Yesterday, an incident at Yonge and Bloor has cyclists asking everyone “Have you had a bike stolen at Yonge and Bloor in front of The Bay?” Perhaps it wasn’t stolen at all, at least not in the eyes of the thieves. Perhaps it was removed by security! Before jumping to conclusions, let’s look at the key facts first. One thing that seems certain is that Brookfield Properties owns the building facing the post where bikes have been removed, and Russell Security (RSSI) is contracted by them. RSSI was allegedly instructed to remove bikes from this pole. A TTC pole which at least ‘appears’ to be on public property. Incidentally, Brookfield Properties is a division of the same Brookfield that was implicated in the infamous Zucotti Parc eviction threats during Occupy Wall St. But don’t let that colour your opinions of this incident…too much.
Just the Facts Ma’am
The TTC has already stated that although the sign is indeed theirs, it’s not on their property, nor have they instructed the removal of any bikes. Head of TTC Communications Brad Ross was also very helpful in connecting the dots with City of Toronto officials for more info.
@JoFergs Just found out. It is our sign, but it’s not our property.
TTC is not giving direction to remove bikes
— Brad Ross (@bradTTC) August 14, 2014
For it’s part, the City of Toronto, was not only prompt in their responses and assured that “the matter has been reported to Right of Way Management and is being looked into” – but they also immediately processed “a request to Public Realm for installation of bike/post rings at this location”.
— 311 Toronto (@311Toronto) August 14, 2014
Additionally, the city reminds us that construction on Bloor St. has required the removal of many post-ring locks, which are to be replaced. In the interim, there are other post-rings at Bloor/Yorkville and Bay/Bloor.
City staff have now confirmed, that the sidewalk within 5.5 metres of the curb is public property. The councillor for the area, Kristyn Wong-Tam, tweeted saying the same thing.
— Kristyn Wong-Tam 黃慧文 (@kristynwongtam) August 14, 2014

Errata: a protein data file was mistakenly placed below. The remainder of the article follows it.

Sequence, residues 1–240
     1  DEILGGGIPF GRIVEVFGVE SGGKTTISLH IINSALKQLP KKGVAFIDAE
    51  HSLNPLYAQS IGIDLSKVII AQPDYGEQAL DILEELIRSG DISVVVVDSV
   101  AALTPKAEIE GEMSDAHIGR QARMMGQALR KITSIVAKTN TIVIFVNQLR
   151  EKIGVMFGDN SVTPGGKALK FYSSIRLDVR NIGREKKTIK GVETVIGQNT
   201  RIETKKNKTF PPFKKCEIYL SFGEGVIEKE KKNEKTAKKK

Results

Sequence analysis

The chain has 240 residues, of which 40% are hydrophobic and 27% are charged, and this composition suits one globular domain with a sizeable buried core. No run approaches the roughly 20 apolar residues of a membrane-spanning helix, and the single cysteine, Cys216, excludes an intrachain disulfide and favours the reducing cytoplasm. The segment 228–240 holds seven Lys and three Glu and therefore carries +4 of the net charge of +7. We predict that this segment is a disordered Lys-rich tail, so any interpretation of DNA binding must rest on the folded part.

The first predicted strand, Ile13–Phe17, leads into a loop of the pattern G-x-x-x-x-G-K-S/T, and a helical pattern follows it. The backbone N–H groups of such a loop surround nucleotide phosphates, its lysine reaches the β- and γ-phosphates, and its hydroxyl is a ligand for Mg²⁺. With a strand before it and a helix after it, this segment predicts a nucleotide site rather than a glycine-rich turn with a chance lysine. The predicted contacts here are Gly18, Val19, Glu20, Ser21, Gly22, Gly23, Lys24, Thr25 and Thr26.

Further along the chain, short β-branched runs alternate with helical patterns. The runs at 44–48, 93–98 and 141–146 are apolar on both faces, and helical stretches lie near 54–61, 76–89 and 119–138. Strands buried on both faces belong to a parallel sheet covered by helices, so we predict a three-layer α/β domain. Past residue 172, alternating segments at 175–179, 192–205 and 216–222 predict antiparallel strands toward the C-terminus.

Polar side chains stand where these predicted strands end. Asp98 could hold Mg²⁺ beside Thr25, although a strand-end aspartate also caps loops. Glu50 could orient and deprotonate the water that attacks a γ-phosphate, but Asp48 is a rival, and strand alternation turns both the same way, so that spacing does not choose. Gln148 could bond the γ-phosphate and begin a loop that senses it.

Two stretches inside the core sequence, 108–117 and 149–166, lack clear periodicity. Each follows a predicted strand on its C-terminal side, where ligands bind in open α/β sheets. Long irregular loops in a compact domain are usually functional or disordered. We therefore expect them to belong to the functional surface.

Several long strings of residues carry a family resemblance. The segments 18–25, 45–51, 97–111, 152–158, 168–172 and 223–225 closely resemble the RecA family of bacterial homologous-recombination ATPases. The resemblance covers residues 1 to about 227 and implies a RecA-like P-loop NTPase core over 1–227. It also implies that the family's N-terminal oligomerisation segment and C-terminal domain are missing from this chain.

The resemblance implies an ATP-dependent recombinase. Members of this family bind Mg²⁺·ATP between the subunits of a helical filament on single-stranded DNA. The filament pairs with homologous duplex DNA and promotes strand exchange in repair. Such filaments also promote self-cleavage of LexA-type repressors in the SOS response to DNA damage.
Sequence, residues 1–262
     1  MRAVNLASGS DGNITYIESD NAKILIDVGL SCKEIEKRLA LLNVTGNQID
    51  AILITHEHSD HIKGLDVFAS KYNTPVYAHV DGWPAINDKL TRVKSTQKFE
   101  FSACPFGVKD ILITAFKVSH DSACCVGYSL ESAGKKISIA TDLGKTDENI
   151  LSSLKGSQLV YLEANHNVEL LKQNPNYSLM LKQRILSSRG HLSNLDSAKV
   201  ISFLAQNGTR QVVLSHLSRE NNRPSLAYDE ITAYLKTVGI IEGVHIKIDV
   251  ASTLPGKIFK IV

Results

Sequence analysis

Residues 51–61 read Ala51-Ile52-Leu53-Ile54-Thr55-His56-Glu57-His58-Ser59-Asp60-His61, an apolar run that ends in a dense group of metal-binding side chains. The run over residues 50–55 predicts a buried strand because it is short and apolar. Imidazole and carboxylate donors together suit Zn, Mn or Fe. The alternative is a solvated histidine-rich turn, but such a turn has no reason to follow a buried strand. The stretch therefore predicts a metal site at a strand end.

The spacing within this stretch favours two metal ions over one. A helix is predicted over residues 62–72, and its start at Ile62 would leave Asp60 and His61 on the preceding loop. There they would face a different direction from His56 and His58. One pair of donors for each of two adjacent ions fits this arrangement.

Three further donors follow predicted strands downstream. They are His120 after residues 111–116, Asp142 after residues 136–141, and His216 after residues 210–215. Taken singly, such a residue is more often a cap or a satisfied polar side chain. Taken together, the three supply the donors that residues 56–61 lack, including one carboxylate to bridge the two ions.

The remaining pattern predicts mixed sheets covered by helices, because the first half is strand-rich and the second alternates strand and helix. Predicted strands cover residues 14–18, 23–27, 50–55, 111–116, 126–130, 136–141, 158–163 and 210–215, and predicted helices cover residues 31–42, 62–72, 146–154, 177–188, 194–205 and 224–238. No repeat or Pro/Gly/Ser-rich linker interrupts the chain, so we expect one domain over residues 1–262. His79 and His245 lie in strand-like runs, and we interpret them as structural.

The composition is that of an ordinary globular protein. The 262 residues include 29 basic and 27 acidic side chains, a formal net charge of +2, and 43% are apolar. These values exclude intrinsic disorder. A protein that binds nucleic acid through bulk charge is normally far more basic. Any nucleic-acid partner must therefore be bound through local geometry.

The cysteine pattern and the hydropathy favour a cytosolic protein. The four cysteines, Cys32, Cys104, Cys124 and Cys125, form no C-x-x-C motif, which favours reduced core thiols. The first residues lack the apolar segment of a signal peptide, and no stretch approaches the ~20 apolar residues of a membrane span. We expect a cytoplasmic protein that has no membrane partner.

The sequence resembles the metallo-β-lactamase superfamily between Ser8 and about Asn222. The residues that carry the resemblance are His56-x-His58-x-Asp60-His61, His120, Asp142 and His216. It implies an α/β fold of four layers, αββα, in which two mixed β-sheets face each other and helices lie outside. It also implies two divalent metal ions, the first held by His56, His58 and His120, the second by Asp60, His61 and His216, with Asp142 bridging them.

However, city manager Andre Filippetti says its distance from the sidewalk — 4.8 metres — is just within city boundaries.
“It would appear that it’s just within public property. It’s very close,” Filippetti told reporters.
City bylaw officers expect to complete their investigation in about a week.
Brookfield has released the following statement:
We have free exterior and interior bike racks at Hudson’s Bay Centre in Toronto, as well as a secure bike storage facility within our garage. As adjacent property owner, we have the right to remove a bike or otherwise affixed object to property and the TTC pole on the sidewalk outside of our building if it poses a perceived risk to pedestrians. It is our first and foremost responsibility to protect the health and safety of our tenants and all those that visit the building. There have been numerous instances at this location where pedestrians have tripped over or have otherwise been injured by bicycles affixed to the pole.
We apologize to anyone who believed their bike was stolen and in the future endeavor to provide either a verbal or written warning before removing a bike or other property from a prohibited area.
Here’s a written account of the incident from Lisa Ferguson herself:
“Today, my bike was stolen.
Or at least I thought it was stolen. After a 90-minute client meeting at Yonge/Bloor, my bike had disappeared from this pole outside the Hudson’s Bay Centre. I walked up and down the sidewalk for several minutes, not accepting that this was really happening. I was about to head home and have a good bawl — I can’t afford a new bike — when I noticed a security camera on the RBC that would have captured the bike thief.
So I approached a security guard standing outside the Centre and explained my situation. “Yeah, I cut some bikes in the last hour and a half,” he said. “That’s private property,” he said, and told me that the building owner — Brookfield Office Properties — orders their security staff to remove bikes from the pole. Since when is the SIDEWALK private property? I told him he needed to give me my bike back right now or I’d call the police to report a bike theft. While waiting in the lobby for my bike, the security guard on duty there commiserated with me, saying, “Yeah, we get several angry cyclists in here a day.” And those are just the ones who figured out what really happened! I wonder how many people have just assumed their bike was stolen by some run-of-the-mill bike thief and gone home and cried like I was about to?
I mean, who would guess that a company worth $18.7 billion steals bikes from low-income people? What does this $18.7 billion company do with all the bikes they steal — do they actually sell them? Sickening.
I was treated like dirt by their RSSI Security staff (including the rude, condescending, sarcastic jerk pictured here). In fact, one of them threatened to cuff me when I stood in front of two more bikes they were about to cut off the pole. “This is public property, and what am I doing that’s illegal?” I kept asking her.
I want my $134 (+ tax) lock paid for. They will rue the day otherwise. Any ideas are appreciated on how I can kick up a good, public stink if I don’t get reimbursed for my lock. My social media campaign starts tomorrow
Please share this post! If anything it may prevent someone from actually going home without their bike thanks to these crooks.
” Absolutely LIVID.”